There are minor differences between monocot and dicot introns (10), and therefore, it is recommended to select introns from the class in which the infectious clone is going to be analyzed. Furthermore, it should be noted that the monocot sequences included in the analysis by (10) almost exclusively represent introns from the order Poalis. Some differences have been observed between species within the dicots (9). However, at present there is no evidence that differences in dicot introns are important for their use in virus clones. For example, Arabidopsis introns were used in Tobacco mosaic virus, which efficiently infected two species of Nicotiana (11), and an intron from Solanum tuberosum is spliced in Pisum sativum and Capsicum annuum (1, 6).

Introns can also be inserted into native PstI restrictions sites as described in detail by (1). Here, we describe a more flexible method based on overlap extension PCR (12).

2 Materials

2.1 Isolation of Genomic DNA as Template for Intron Amplification

  1. 1.

    Plant material of a monocot or a dicot, depending on the host of the virus

     
  2. 2.

    Liquid nitrogen and safety glasses

     
  3. 3.

    2X CTAB buffer: 1.4 M NaCl, 2% cetyl trimethylammonium bromide (CTAB), 100 mM Tris pH 8.0, 20 mM EDTA, 2% polyvinylpyrrolidone (PVP), 0.2% β-mercaptoethanol (added just before use)

     
  4. 4.

    Waterbath at 65°C

     
  5. 5.

    Chloroform/isoamylalcohol (24:1)

     
  6. 6.

    Cold isopropanol, 3 M sodium acetate, and 70% cold EtOH

     
  7. 7.

    Or use a commercial kit for plant DNA purification

     

2.2 Identification of Suitable Introns

  1. 1.

    Computer access to NCBI and related resources

     
  2. 2.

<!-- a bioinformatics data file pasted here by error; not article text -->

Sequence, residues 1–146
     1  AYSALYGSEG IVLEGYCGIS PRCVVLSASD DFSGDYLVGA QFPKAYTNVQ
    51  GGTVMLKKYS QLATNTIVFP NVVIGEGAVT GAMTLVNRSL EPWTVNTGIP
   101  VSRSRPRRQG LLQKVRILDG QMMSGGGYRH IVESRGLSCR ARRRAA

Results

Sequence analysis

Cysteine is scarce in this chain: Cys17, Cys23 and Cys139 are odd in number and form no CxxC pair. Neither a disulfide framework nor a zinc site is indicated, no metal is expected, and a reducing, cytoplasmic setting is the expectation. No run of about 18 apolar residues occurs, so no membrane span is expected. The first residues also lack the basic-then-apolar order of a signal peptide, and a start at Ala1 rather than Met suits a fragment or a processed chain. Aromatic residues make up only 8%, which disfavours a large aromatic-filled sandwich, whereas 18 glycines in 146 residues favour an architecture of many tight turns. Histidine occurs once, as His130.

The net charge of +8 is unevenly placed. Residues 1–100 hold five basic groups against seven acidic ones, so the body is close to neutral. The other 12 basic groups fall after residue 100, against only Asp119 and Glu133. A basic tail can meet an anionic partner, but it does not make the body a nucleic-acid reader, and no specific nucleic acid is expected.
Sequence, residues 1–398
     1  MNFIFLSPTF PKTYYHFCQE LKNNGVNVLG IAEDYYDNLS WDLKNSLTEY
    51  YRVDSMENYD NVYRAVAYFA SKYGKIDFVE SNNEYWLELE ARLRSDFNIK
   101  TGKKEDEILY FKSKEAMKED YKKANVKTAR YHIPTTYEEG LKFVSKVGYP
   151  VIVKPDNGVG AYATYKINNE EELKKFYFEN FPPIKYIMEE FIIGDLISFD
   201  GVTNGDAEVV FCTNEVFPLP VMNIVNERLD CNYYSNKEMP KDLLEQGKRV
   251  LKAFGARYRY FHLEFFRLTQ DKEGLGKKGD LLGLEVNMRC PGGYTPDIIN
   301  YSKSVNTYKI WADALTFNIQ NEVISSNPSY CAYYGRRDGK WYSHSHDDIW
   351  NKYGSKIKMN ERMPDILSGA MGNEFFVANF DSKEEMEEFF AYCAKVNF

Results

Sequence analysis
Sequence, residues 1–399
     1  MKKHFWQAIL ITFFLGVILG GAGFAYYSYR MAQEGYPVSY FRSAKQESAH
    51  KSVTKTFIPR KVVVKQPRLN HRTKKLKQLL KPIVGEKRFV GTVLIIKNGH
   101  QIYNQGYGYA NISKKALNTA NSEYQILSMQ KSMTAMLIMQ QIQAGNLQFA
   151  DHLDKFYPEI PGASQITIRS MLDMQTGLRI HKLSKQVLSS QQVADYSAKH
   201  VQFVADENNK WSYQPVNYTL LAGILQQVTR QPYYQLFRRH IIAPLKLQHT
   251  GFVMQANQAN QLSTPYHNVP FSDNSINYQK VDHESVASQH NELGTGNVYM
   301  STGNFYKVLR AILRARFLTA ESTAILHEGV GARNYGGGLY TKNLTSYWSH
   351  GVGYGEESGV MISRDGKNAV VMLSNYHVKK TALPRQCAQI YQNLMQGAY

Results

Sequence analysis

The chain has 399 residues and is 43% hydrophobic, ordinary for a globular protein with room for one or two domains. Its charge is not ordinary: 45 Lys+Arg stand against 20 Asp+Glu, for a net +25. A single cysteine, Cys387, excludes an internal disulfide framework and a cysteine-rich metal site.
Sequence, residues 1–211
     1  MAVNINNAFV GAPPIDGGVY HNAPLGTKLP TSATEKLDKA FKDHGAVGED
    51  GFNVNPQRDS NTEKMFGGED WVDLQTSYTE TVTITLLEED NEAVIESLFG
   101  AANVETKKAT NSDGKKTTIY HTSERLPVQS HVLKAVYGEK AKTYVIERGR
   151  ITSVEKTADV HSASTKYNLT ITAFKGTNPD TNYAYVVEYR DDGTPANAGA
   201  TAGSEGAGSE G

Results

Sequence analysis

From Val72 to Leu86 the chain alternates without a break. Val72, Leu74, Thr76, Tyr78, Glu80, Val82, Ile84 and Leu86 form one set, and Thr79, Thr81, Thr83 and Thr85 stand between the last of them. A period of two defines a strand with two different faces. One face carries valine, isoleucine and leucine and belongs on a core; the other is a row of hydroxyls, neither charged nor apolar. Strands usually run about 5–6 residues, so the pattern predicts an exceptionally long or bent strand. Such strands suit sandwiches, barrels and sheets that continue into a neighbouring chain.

Sequence data of virus region flanking the intron insertion site

     

2.3 In silico Test of the Intron Insertion

  1. 1.

    Program to assemble virus sequence with the intron. Either just a word processing program or a designated program for management of sequences

     
  2. 2.

    Computer access to ‘NetPlantGene Server’ http://www.cbs.dtu.dk/services/NetPGene/(13) or another splice site prediction program

     

2.4 Primers and Design

  1. 1.

    Commercial supplier of oligonucleotide primers

     

2.5 Amplification of Introns and Virus Sequences Flanking the Introns

  1. 1.

    Overlapping cDNA clones covering the complete genome of the virus. Make a dilution of 10–100 ng μL−1 plasmid DNA as template for PCR

     
  2. 2.

    A complete nucleotide sequence of the virus

     
  3. 3.
    PCR primers (3FW and 4RV) annealing to 5′ and 3′ ends of the intron (Fig. 2)
    Fig. 1

    Consensus sequence of plant intron splice sites based on data from (Simpson et al., 1993). (a) Consensus in monocotelydons based on the percentage occurrence of nucleotides at exonintron borders, (b) consensus in dicotelydons based on the percentage occurrence of nucleotides at exon-intron borders

     
  4. 4.

    PCR primers to amplify the virus sequence 5′ (1FW and 2RV) and 3′ (5RW and 6RV) to the intron insertion site (Fig. 2)

     
  5. 5.

    Heat stable DNA polymerase, buffer, and 5 mM dNTP mix for PCR

     
  6. 6.

    Kit to purify DNA from agarose gel fragments

     

2.6 Sequence Overlap Extension PCR (SOE-PCR)

  1. 1.

    Commercial DNA marker to estimate DNA concentration of the purified PCR fragments

     
  2. 2.

    Heat stable DNA polymerase, buffer, and 5 mM dNTP mix for PCR

     
  3. 3.

    Kit for cloning of PCR fragments

     

3 Methods

3.1 Isolation of Genomic DNA as Template for Intron Amplification

  1. 1.

    Add mercaptoethanol to the 2X CTAB buffer

     
  2. 2.